The Human Rights Centre of Ghent University has expressed its support for the request for referral to the Grand Chamber in the freedom of expression case of Delfi AS v. Estonia. The Human Rights Centre has submitted its considerations in a joint letter to the European Court of Human Rights, signed by an impressive list of 69 media organisations, internet companies, human rights groups and academic institutions.
As indicated in the joint letter to the Court
The [Delfi] case involves the liability of an online news portal for third-party defamatory comments posted by readers on the portal’s website, below a news item. A unanimous chamber of the First Section found no violation of Article 10, even though the news piece itself was found to be balanced and contained no offensive language. The portal acted quickly to remove the defamatory comments as soon as it received a complaint from the affected person, the manager of a large private company.
A few excerpts from the letter to the Court are reproduced below. The full text of the letter can be found here. The full text of the referral request is available here. Finally, a critical post on the Chamber judgment in Delfi AS v. Estoina – written for Strasbourg Observers by Professor Dirk Voorhoof – can be found here.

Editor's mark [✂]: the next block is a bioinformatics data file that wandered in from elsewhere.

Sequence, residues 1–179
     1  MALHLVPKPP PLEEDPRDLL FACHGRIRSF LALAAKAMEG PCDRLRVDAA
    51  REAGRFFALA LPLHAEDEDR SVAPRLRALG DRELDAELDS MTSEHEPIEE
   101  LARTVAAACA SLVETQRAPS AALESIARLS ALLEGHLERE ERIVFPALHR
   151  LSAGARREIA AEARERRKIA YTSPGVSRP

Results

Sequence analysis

The letter to the Court opens as follows:
We [the signatorites] are writing to endorse Delfi’s request for a referral due to our shared concern that the chamber judgment, if it stands, would have serious adverse repercussions for freedom of expression and democratic openness in the digital era. In terms of Article 43 (2) of the Convention, we believe that liability for user-generated content on the Internet constitutes both a serious question affecting the interpretation or application of Article 10 of the Convention in the online environment and a serious issue of general importance.
The letter goes on to list a number of identified problems in the Chamber’s reasoning in Delfi. The signatories – including the Human Rights Centre – particulary argue that the Chamber judgment:
- Failed to clarify and address the nature of the duty imposed on websites carrying user-generated content.
- Is inconsistent with Council of Europe standards as well as the letter and spirit of European Union law.
- Did not thoroughly assess whether the decisions of the Estonian authorities were “prescribed by law” within the meaning of Article 10 § 2.
- Is at odds with emerging practice in the member states, which are seeking innovative solutions to the unique complexities of the Internet.
The letter concludes as follows:
For all these reasons, we strongly urge the Court to accept the applicant’s request for a referral that would allow the Grand Chamber to reconsider these issues, taking into account the points raised by the signatories in this letter.